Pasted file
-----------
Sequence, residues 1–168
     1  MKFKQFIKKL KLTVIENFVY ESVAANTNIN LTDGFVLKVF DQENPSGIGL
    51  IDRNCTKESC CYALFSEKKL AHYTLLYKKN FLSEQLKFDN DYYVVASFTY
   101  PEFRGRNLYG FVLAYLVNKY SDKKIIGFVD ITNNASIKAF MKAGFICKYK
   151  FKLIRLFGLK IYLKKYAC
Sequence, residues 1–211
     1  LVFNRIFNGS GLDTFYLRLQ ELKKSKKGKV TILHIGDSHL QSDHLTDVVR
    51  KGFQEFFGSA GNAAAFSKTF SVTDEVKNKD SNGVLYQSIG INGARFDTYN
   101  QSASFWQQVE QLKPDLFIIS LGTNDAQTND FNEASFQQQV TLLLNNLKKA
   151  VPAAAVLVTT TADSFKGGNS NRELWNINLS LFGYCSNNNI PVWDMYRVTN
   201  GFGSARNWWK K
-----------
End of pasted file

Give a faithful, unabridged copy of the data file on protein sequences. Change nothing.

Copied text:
Sequence, residues 1–168
     1  MKFKQFIKKL KLTVIENFVY ESVAANTNIN LTDGFVLKVF DQENPSGIGL
    51  IDRNCTKESC CYALFSEKKL AHYTLLYKKN FLSEQLKFDN DYYVVASFTY
   101  PEFRGRNLYG FVLAYLVNKY SDKKIIGFVD ITNNASIKAF MKAGFICKYK
   151  FKLIRLFGLK IYLKKYAC
Sequence, residues 1–211
     1  LVFNRIFNGS GLDTFYLRLQ ELKKSKKGKV TILHIGDSHL QSDHLTDVVR
    51  KGFQEFFGSA GNAAAFSKTF SVTDEVKNKD SNGVLYQSIG INGARFDTYN
   101  QSASFWQQVE QLKPDLFIIS LGTNDAQTND FNEASFQQQV TLLLNNLKKA
   151  VPAAAVLVTT TADSFKGGNS NRELWNINLS LFGYCSNNNI PVWDMYRVTN
   201  GFGSARNWWK K